John Knowles: A Separate Peace (Harville Secker, 1959)

I went back to the Devon School not long ago, and found it looking oddly newer than when I was a student there fifteen years before. It seemed more sedate than I remembered it, more perpendicular and strait-laced, with narrower windows and shinier woodwork, as though a coat of varnish had been put over everything for better preservation. But, of course, fifteen years before there had been a war going on. Perhaps the school wasn’t as well kept up in those days; perhaps varnish, along with everything else, had gone to war.

I’ve always had an unexpected fondness for prep-school novels and movies. No, I didn’t go to prep school or boarding school or anything but plain old public school, yet I find the concentrated atmosphere of these stories works for me.

I have a couple of contemporary examples in the works for the next weeks, so I thought I’d take another look at the granddaddy of them all. Do kids still read this? It was on my summer reading lists throughout school; I think I finally read it in my teens, probably in the late 60s – yes, I read some of the books on the summer reading list, mostly the ones having to do with death. But now that I’ve re-read it, I don’t think I finished it; I think I stopped after the tree incident, because I don’t remember the Winter Carnival, or Leper’s “escape”, or really much of the book at all.

I certainly don’t remember it as gay. And yeah, now, in 2018, it reads very repressed-and-unspoken gay, in a way it couldn’t have read to me in 1968. Putting aside Gene’s repressed sexuality, it’s a novel about jealousy, about wanting what someone else has, about the grass being greener and all those typical teenage themes that last into adulthood. Competition, the foundational drive. Ethical failure, the engine of so much modern literature. Guilt, the universal emotion.

It’s pretty much a classic structure: the tree scene, far from being the end of the book, is merely the inciting incident upon which complications pile up. A dramatic climax – second cousin to a courtroom scene – uses recollection of hazy memories to create a violence that explodes by accident. The denouement that follows includes a major shift in tone, even in the face of one final dramatic reveal. And I get the sense that we’re never really returned to the present, from where the novel started as a recollection. The past is always present, for many of us, even 15 years on.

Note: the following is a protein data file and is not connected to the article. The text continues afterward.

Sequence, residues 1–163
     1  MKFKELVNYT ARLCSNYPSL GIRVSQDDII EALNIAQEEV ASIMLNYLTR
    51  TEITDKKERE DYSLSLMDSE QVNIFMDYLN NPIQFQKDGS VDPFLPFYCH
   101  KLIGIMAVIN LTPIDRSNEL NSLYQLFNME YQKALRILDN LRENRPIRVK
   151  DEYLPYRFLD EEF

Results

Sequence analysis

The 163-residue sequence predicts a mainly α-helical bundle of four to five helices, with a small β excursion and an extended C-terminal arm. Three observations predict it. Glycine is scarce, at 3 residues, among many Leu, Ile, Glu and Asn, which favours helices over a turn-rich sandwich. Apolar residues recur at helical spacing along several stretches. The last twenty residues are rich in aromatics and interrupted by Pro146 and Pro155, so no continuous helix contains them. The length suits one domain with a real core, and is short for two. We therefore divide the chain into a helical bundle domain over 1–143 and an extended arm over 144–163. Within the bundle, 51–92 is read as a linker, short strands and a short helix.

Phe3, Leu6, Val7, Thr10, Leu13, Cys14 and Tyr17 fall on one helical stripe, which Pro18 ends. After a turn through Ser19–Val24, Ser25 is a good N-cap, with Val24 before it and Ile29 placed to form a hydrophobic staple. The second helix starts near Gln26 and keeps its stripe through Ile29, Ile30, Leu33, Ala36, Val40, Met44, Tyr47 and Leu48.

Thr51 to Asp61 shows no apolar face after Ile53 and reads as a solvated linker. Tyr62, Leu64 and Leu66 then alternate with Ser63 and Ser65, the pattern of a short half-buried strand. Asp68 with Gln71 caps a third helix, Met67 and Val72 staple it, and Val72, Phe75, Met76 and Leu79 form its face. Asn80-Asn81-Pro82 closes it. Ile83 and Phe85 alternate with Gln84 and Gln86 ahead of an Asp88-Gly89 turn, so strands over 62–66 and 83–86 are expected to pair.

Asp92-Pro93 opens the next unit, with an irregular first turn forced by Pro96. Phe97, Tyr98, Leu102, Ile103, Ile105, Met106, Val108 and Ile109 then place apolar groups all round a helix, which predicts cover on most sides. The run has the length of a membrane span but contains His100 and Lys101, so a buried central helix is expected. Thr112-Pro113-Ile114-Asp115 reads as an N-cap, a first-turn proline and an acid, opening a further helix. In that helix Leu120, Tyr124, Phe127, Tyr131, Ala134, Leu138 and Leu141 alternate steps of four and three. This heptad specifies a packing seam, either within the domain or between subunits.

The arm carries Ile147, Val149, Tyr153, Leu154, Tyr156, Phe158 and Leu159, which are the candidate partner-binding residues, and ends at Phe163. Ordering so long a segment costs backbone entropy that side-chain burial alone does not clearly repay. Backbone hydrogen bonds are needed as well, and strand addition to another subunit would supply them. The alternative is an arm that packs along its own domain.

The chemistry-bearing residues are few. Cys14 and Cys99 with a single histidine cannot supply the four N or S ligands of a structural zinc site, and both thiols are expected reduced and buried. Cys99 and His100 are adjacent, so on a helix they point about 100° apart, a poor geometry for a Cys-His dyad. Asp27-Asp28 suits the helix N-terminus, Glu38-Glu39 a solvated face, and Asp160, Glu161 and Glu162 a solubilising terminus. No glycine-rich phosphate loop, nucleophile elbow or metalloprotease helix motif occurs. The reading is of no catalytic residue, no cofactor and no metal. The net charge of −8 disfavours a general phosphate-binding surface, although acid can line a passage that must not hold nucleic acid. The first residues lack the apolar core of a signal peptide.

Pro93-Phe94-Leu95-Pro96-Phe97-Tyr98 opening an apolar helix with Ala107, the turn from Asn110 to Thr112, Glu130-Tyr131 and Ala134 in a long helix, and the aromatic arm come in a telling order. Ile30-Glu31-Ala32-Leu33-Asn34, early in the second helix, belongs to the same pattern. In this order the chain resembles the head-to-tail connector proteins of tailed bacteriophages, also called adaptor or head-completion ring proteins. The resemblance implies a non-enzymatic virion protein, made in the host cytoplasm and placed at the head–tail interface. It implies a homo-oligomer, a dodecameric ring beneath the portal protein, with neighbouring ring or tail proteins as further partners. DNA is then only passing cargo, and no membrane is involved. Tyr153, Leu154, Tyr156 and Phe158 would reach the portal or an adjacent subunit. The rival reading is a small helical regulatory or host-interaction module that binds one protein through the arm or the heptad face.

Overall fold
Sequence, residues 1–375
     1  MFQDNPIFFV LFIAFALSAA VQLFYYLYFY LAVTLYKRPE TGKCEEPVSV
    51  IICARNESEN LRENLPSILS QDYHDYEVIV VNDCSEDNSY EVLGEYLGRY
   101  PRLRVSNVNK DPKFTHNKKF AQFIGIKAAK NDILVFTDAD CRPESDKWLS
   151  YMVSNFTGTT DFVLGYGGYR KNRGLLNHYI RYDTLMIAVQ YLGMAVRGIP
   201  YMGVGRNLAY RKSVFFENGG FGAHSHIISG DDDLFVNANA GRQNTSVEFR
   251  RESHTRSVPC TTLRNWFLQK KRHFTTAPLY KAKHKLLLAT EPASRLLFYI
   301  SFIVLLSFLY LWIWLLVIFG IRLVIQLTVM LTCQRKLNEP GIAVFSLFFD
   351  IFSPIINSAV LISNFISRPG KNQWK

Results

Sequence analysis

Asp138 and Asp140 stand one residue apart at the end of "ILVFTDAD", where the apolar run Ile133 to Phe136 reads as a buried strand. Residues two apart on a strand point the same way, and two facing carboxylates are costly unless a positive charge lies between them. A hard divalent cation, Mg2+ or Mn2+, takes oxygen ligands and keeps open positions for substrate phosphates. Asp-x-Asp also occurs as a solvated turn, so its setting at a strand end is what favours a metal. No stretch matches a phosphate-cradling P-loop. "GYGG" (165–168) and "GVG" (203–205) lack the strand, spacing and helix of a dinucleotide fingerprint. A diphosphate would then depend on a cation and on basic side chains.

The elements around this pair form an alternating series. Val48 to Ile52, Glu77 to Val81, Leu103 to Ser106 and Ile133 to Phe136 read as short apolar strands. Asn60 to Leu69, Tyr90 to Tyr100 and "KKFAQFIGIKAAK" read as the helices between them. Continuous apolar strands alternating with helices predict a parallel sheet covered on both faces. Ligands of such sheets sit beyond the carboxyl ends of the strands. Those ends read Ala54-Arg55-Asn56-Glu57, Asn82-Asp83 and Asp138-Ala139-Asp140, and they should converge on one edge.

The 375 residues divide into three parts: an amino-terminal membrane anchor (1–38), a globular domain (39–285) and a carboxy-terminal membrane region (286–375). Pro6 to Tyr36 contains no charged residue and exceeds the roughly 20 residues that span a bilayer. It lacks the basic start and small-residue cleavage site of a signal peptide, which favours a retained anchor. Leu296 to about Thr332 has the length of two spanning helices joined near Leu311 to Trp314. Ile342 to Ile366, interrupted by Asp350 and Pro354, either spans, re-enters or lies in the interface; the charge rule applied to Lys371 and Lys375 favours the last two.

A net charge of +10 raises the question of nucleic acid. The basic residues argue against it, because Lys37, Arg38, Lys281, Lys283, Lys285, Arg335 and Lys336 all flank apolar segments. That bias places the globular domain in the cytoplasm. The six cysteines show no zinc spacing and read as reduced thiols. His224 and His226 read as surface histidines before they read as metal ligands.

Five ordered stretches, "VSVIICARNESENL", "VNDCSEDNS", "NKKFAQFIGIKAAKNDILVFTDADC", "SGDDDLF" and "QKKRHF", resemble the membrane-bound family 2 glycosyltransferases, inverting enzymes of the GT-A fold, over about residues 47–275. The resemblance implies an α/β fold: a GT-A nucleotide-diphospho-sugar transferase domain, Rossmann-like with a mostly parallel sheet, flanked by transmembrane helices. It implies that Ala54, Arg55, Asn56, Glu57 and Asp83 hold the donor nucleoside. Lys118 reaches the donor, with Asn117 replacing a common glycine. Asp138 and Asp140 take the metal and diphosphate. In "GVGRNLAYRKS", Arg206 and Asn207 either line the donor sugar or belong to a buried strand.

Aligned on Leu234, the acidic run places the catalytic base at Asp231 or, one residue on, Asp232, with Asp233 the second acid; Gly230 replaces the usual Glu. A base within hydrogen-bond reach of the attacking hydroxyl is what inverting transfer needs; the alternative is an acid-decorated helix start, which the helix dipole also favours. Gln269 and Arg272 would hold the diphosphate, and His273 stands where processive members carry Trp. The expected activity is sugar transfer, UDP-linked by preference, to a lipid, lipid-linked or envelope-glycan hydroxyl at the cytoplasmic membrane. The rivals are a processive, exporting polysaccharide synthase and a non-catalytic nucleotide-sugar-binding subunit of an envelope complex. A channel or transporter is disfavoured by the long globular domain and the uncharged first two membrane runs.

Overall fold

One of the things I noticed is that all of Finny’s vaunted athletic trophies, the prizes on which his status in Gene’s eyes as a sports superhero, seem to be of the “most improved” variety. It’s expressly stated that he doesn’t have any records in his sports, but he has awards for sportsmanship and cooperation and effort. I get the impression Finny isn’t really as great an athlete as everyone thinks he is. Gene’s jealousy, sad under any circumstances, becomes sadder when based on a mirage. Is it possible to see Finny at all – or is he all image, all energy, all beholder-created impression?

It’s also very much a novel rooted in WWII. The “separate peace” metaphor has its reference in a move seen as a betrayal. During WWI, Russia signed a separate peace accord with Germany, removing itself from the Tripartite Pact. That there was a change in regime – from Czar Nicholas II to Bolshevik rule – tempered the outrage somewhat, but during WWII fears of another reversal, of Russia pursuing a separate peace with Germany in spite of the German betrayal, emerged in a more complex situation.

But the separate peace of the novel has to do with less global matters. After Finny breaks his leg, he decides the war is fake news, sort of a Wag the Dog situation. The boys are facing the draft by the following summer, and have the question of enlistment before them at all times, a question that creates excitement and adventure, yes, but also anxiety concealed out of shame. By creating a separate peace on his school campus, they feel some reprieve from the dramatic induction into adulthood. But for Finny, it means something else: because of his injury, he’s ineligible for the military, so it’s easier for him to not feel left out by ignoring it all.

Do kids reading it now have the understanding of what the war meant, what the draft meant? I first read the novel during Vietnam, a very different war with very different home fires burning. And now, kids would be reading it in yet another war time: a war time almost as ephemeral as Finny’s peace mirage. Very few people, outside of military families and news hounds, are even aware that we’ve been at war for 15 years, that we’re currently involved in a half dozen nasty conflicts with no clear sides and plenty of ambiguous, and not-so-ambiguous, collateral damage. Is it possible to read the book the same way now as then? Is it any wonder it’s easier to read it as a gay novel, than to find a way to put oneself in a mindset of a prior historical setting?

And again, context, my obsession over the past year, becomes central to reading. Does context alter the book, or is that a reader flaw? Can we be aware of the original authorial intent, and still see new ways old messages reveal themselves? Haven’t relationships like Gene and Finny’s always existed – and haven’t they always been the same, yet always current?

So I’ll leave the marble stairs and oak panelling and musty rooms of Devon for a prep school of the 60s, and one of the 21st century; will I find the same thing, in different light?

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